- AT&T launches new over-the-internet TV service
- Service will mirror its DirecTV channels with HBO included in its packages
- Customers required to sign up for two years starting at $50 per month
The new dedicated internet-delivered TV service will launch today by AT&T as it moves to counter its declining revenues and customers for its satellite business.
The service will almost mirror its DirecTV offering but will be delivered over the internet instead of satellite.
AT&T has been testing the service in 13 markets, making the new offering available across the US today and has been launched with a range of live TV channels including ABC and Fox as well as cable channels ESPN and Nickelodeon.
HBO is included with all packages and customers will be upgraded to HBO Max at no extra charge when the player goes live in May.
- Read more: HBO Max: Too late to the streaming party?
The service starts at $50 per month for the first year only when it increases to $93 for the base package with options for more expensive packages which includes additional channels. Customers are required to sign up for a two-year contract.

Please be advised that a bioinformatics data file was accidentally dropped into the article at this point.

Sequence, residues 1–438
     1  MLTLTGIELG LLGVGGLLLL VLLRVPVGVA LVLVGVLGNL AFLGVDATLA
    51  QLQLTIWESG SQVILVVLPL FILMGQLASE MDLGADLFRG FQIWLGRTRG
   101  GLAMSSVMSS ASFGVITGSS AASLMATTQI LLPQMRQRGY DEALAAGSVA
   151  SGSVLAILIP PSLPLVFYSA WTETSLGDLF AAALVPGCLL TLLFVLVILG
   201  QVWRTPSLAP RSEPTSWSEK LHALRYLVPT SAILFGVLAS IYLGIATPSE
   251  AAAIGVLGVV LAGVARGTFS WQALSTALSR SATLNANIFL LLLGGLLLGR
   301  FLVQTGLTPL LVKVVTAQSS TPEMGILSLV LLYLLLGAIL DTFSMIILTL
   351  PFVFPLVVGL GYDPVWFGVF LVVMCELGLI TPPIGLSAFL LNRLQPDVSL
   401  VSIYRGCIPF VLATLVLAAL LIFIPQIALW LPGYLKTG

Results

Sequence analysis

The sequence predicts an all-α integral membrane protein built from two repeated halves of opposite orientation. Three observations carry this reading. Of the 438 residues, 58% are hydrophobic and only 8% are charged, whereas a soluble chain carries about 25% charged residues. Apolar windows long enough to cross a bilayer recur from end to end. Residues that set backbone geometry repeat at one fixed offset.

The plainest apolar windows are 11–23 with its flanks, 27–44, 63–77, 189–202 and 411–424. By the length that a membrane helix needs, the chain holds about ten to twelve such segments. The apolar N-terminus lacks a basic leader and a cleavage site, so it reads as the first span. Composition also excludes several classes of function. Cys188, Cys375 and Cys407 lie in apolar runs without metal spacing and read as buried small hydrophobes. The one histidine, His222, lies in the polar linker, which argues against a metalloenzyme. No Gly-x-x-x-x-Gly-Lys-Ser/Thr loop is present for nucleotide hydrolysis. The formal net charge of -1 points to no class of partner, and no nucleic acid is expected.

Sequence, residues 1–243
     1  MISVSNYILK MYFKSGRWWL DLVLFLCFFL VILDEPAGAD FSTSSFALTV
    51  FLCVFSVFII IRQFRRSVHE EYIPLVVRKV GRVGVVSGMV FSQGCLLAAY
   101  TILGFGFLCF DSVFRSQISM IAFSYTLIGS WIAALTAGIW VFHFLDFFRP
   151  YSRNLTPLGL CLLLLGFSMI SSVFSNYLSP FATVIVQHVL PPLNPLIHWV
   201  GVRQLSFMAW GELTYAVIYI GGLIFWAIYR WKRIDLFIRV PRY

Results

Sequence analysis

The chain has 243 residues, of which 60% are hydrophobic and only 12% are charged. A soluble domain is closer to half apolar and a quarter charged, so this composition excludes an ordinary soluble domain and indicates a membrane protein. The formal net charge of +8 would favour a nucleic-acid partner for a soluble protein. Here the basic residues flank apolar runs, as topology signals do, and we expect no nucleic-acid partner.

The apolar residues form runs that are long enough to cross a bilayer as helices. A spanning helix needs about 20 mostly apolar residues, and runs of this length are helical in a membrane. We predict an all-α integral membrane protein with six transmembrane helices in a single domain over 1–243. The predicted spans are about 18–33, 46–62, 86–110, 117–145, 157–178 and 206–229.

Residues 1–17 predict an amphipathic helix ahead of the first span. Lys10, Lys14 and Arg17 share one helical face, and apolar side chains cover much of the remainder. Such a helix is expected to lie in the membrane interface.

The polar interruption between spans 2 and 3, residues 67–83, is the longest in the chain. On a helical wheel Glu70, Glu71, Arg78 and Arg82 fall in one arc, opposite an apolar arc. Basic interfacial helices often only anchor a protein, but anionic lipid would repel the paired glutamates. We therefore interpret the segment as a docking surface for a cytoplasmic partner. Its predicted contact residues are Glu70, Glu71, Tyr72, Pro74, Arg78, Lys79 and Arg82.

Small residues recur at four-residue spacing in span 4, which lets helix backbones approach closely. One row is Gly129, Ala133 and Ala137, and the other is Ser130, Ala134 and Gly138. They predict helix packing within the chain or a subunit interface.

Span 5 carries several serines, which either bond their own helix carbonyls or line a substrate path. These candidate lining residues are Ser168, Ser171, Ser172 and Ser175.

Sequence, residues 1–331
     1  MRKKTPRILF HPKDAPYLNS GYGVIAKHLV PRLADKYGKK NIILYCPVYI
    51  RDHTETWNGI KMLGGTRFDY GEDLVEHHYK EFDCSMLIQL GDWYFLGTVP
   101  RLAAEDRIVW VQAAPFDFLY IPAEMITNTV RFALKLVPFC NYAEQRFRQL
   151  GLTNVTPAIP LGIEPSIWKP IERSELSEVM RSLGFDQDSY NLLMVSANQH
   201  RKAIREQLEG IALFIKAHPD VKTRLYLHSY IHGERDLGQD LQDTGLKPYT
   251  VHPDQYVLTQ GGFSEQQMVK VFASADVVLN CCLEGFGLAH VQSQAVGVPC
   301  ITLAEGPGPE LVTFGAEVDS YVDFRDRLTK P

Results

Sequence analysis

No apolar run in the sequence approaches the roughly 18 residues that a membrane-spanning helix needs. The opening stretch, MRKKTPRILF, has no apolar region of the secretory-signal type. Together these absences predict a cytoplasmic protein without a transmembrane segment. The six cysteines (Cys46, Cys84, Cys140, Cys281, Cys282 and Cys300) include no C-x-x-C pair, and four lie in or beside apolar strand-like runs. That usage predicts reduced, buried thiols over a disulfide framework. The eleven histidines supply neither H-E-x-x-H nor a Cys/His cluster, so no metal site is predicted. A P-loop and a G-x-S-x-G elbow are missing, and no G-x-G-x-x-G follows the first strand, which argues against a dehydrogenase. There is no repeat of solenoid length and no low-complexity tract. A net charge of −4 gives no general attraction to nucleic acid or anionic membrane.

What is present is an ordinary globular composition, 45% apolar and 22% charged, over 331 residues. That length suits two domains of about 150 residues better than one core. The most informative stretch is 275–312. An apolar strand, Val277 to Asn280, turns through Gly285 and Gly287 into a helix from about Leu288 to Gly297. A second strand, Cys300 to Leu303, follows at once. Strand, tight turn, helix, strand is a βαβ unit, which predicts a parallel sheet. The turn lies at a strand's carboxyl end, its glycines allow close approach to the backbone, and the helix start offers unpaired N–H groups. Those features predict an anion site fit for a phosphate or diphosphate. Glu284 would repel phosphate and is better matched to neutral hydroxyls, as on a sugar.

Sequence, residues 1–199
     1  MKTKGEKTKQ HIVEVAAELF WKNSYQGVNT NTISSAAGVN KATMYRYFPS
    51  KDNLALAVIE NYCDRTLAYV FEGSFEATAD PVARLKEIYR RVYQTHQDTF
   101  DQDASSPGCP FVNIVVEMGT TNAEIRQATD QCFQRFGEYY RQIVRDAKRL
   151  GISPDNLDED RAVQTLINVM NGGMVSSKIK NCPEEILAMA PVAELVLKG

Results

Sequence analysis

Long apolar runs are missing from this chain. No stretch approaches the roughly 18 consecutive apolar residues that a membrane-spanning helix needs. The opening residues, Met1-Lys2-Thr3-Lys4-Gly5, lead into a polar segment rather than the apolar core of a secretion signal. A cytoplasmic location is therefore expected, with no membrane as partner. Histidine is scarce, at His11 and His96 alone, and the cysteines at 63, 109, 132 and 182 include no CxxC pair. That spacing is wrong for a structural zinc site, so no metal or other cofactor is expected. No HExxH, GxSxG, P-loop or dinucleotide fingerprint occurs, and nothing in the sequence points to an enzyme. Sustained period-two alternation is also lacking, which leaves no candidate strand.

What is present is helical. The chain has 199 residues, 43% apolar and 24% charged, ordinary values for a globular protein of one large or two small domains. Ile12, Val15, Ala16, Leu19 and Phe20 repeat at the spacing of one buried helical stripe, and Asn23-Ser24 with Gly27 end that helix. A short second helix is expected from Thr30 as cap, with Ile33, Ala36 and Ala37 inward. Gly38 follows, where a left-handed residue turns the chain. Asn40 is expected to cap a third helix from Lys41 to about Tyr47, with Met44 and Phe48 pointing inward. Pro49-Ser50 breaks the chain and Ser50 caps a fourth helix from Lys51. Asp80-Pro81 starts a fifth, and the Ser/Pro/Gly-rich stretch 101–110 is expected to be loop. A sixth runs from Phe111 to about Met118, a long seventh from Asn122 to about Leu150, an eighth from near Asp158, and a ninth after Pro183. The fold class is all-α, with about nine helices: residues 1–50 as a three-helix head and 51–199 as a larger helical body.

Some packages also come with an $8.50 fee for regional sports.
AT&T lost nearly five million satellite TV customers since the end of 2016 when it had a total of 25.3 million subscribers, with a net loss of 1.16 million customers in the premium TV category, according to its investor call last October.
The losses as of last year left the business with 20.4 million satellite and wireline TV subscribers and 1.1. million streaming subscribers.
Subscribers to the new service will receive a free AT&T streaming-TV box which is 4K and HDR capable with access to Netflix and other streaming apps similar to Comcast’s X1 cable box.
The company is promoting the service by saying it won’t count against AT&T data caps and customers don’t need to be AT&T internet or wireless customers to sign up, although there are discounted packages available.
According to a report by Cnet, “it was mostly smooth sailing, despite some lag,” mainly with Google Assistant and changing the channels with live content criticised for being a few seconds behind cable or satellite.
Last April, AT&T confirmed it had sold its stake in Hulu streaming service for $1.43 billion to reduce its debt after buying Time Warner in June 2018.
At the time of publication IBC365 citing research from Rethink TV concluded that AT&T and Comcast “will continue to be reliant on their cellular and broadband revenues for all growth.”